Mostly though, these days my biggest issue is the depressive episodes. I acknowledge that for somebody with a ‘faulty’ brain, I haven’t exactly chosen the easiest life for myself. As an Army spouse, it is necessary to start from scratch and re-establish myself in a new city or town every 2-3 years, meaning new jobs, new social networks, new surroundings and a general need to be adaptable as fuck. Once I’ve managed to make a place ‘home’, it’s nearly time to move again. My husband is away more often than not, leaving me alone with my thoughts and often the question “Why am I doing this again?” We were living in Brisbane for the first few years. Brisbane is beautiful, I made great friends, I was studying, and generally life was good. We then got posted to a regional town in NSW, which was a bit more of a challenge but it was a short posting and at least we were together. At the end of 2015 my husband received a posting order that would take him to Darwin, a remote city in Australia’s tropical north. I knew I wouldn’t be able to get a job there so I decided to move back to Melbourne, where all of my family is, and we decided to do the long-distance thing for a while.

Well that didn’t work. It looked promising to start with; I found a job in Melbourne easily and moved into my own little townhouse, with trips to see my husband planned every 6-8 weeks. However it didn’t take long for me to start struggling. Turns out my work environment sucked and I absolutely hated my job, and boy did it show. I showed up late, slacked off all day, took frequent long breaks, and left early every day. (The most shocking part is that I was getting paid very well to do this job and nobody noticed – which then of course incited my old friend, guilt.) When I got home of an evening I would head straight for my couch, order takeout, and not move from there until I went to bed. Despite being right into my fitness when I am feeling well, I very rarely stepped foot into a gym. My darling Bailey who was having medical issues ended up at my parents’ farm for six months, which meant I didn’t even have to step outside to walk him anymore. It was a really dark time, and so at the end of last year when my lease ran out, I decided to move to Darwin to be with my husband. I spoke to a potential employer and had a job lined up, and moved with a really optimistic outlook on where life was headed.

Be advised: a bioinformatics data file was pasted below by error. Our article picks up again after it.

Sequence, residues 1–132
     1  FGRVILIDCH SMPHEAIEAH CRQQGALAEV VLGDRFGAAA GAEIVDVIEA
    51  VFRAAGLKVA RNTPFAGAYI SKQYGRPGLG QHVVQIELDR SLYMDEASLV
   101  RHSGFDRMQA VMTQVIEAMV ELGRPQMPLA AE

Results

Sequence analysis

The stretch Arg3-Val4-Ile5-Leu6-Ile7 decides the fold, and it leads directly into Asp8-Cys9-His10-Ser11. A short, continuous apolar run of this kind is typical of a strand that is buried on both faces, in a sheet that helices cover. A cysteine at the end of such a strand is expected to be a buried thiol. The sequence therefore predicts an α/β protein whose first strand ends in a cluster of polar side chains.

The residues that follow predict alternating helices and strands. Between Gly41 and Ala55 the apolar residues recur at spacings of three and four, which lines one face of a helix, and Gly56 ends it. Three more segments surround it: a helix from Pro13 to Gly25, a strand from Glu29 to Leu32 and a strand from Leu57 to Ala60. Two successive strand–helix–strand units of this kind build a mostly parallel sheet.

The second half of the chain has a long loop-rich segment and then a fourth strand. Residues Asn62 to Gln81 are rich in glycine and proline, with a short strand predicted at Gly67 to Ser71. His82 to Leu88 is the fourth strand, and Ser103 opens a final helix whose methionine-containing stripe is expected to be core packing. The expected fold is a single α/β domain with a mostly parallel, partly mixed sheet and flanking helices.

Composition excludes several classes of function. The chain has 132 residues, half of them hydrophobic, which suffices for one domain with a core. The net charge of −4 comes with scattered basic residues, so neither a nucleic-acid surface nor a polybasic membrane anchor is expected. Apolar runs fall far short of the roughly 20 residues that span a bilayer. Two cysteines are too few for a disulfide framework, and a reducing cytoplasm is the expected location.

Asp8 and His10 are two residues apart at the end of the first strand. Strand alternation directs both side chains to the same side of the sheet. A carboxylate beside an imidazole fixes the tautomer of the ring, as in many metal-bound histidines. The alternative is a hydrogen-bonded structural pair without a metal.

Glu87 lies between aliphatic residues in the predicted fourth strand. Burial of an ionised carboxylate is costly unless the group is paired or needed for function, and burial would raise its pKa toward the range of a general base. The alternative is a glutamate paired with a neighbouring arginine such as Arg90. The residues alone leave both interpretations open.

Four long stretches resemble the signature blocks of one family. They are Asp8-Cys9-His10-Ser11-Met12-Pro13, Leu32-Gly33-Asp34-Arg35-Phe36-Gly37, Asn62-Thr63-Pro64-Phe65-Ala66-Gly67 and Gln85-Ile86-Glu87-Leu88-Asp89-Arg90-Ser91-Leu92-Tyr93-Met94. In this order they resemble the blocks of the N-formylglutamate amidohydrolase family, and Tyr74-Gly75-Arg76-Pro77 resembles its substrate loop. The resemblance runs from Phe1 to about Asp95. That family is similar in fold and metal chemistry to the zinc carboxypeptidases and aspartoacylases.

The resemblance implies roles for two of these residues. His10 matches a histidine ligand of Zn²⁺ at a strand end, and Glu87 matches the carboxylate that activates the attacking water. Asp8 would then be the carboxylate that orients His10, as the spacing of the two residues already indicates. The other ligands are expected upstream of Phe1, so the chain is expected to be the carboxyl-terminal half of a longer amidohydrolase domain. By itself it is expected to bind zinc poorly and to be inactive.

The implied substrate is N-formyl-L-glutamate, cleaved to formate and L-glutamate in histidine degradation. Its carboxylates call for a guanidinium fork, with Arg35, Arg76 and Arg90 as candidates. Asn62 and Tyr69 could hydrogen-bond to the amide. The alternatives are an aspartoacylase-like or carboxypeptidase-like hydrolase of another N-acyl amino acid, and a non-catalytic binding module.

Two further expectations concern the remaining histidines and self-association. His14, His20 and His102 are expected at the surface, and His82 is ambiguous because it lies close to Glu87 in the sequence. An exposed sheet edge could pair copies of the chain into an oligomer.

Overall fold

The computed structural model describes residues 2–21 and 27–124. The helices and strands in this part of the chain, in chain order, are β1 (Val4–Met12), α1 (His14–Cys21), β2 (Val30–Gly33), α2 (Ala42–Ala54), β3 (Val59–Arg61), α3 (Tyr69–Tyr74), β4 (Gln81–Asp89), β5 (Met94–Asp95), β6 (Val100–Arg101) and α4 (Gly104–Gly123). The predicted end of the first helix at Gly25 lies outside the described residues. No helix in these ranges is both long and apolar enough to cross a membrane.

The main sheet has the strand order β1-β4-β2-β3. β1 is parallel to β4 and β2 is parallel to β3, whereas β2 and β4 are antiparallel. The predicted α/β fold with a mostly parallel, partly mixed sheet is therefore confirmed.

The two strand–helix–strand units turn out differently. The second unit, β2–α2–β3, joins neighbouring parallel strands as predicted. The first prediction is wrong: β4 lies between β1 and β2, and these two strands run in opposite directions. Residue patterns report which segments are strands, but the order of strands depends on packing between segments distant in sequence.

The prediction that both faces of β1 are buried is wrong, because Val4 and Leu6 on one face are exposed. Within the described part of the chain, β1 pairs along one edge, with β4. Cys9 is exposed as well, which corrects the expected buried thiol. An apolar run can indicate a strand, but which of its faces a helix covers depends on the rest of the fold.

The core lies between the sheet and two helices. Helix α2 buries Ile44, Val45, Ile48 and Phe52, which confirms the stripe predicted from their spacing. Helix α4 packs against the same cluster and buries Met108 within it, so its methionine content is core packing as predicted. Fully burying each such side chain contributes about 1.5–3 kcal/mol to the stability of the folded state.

At the start of this year I moved to Darwin as planned, and in true Army style, my husband deployed to Iraq the very next day. The job I had lined up fell through due to an unexpected decrease in funding. Fast forward two months and despite my efforts I’m still unemployed, and after eight weeks of sitting around the house not knowing a single human within a 2000 mile radius, it’s all happening all over again. I have to emphasise that I’m really proud that I’ve managed to conquer my OCD to such an extent that my pure o thoughts don’t return to me at times like this. However my depressive brain likes to fall into a ‘simply do not care anymore’ mode, pushing all of my goals and productivity out of the window and replacing them with a desire to do nothing but lie in bed or sit on the couch and eat junk, all day long.

“I’m in charge of my brain, my brain is not in charge of me. I call the shots here.”

When I first started experiencing depression I almost didn’t mind it; the apathy was much easier to deal with than my former anxiety, and while my anxiety made my appetite diminish (causing all sorts of problems for my physical health), my depression just resulted in me gaining a few pounds. These days though it’s becoming problematic, and not just for my waistline. I’ve done years of study in the area of mental health and I know how to get out of the rut (get out, even if you don’t want to; call somebody, even if you don’t feel like talking), but finding the motivation to do it without having somebody around to nudge me in the right direction seems impossible sometimes. I know that for me it starts the second I wake up. I have a decision to make there and then. Either keep sleeping and laze the day away, or use every last bit of willpower to get out of bed and walk the dog. Once I’m up, it’s then so much easier to head to the gym or do a bit of study or run some errands. I know how to get out of this. I just have to remind myself of my old mantra – I’m in charge of my brain, my brain is not in charge of me. I call the shots here.